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It's pretty cool that anyone can just create a channel at will. But an unfortunate side effect is a slew of channels to choose from. Many of these channels died, or failed to take off to begin with. Example: #composition has only ~15 posts, all in late 2016. This does not really add meaningful value, but does create a lot of noise. It is quite cumbersome to cull through all the channels in search of relevant discussions. It is also disheartening if you find a channel you think you want to join (for example if you think #composition is an interesting topic and want to hear other's thoughts on it), only to discover an abandoned empty space. It is untenable to think you could use "View Channel" to periodically check in on some channels without joining them, because you must dig through the paginated list each time to find them. Seems to me it would be really nice if we could find some way to begin removing dead channels. The vision in my head would probably include something like the following: • One-off event channels should be archived after some reasonable time period post-event. So Clojure Days can have an ongoing channel if they want. But specifically Clojure Days 2019 is a one-off. So #dcd19, being clearly outdated, should be archived. • Library support channels should be occasionally scanned for likely, ... shall we just say, deprecation. If a library seems to have no recent maintenance updates, and nobody is asking questions about it, we can contact the author and ask "Is this still supported?" No sense having a channel for an unsupported lib, so archive or maybe even delete in some cases. • Add a channel for #other-library-support. After attempting to contact authors for permission, merge low-traffic library channels into this channel. Hopefully we could find a way to tag where they came from, while copying them over? Delete such channels after they are merged. Encourage authors expecting low traction to use this channel for support instead of creating a new one, until such time their project surprisingly takes off. • Gather up any other remaining obviously dead channels, and merge them into some sort of #dead-channels archive. I would not expect any of these suggestions to be hard rules that need "enforcement". Instead they are intended as guidelines for trimming the fat over time. And I have no idea who would be expected to do the work involved (particularly since I believe merging must be done manually?). But if this could somehow be accomplished, the Channel List would be much more welcoming; and it would be way easier to find active channels and/or channels directly relevant to a specific question.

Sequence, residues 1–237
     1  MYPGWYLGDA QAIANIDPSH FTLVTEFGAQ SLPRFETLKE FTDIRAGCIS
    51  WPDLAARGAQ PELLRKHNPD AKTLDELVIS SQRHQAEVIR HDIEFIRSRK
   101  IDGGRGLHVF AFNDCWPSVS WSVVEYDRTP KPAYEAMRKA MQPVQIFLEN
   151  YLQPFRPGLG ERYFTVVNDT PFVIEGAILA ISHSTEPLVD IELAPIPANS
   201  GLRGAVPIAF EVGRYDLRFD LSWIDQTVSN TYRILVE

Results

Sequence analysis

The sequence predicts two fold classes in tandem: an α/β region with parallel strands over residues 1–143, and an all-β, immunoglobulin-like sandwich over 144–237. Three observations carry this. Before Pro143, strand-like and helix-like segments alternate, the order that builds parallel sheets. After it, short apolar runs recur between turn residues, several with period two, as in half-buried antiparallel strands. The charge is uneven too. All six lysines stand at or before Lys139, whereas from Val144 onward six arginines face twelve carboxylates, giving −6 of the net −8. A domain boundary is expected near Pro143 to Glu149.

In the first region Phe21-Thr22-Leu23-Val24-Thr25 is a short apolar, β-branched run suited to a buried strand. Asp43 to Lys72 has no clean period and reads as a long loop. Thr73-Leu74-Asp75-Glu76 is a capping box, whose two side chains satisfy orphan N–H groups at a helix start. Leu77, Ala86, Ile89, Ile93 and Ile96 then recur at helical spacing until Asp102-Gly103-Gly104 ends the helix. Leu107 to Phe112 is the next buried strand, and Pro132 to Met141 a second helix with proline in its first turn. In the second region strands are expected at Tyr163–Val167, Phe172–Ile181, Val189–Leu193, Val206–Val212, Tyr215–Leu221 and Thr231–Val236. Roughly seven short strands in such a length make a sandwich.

I don't believe Slack offers any way to "merge" content from one channel to another (unless that's something they added recently and I missed notification of it?). The burden of this curation would very likely fall on the Admin/Moderator team and although I do something along these lines, in cooperation with half a dozen moderators, on one of the much smaller Slacks I run, I'm not sure how much time we would want to spend doing a similar curation here given that it is about an order of magnitude larger than that one. I believe that archived channels no longer have their content searchable (unless you specifically search within that channel?) so one caveat about archiving "deprecated" channels is that their history becomes mostly "lost" -- and searchable history was the main thing folks were asking for before we managed to get Slack to sponsor us for the Pro plan we're on now (we were on the free plan previously -- and sponsorship is a per-year thing so we have to re-apply each year).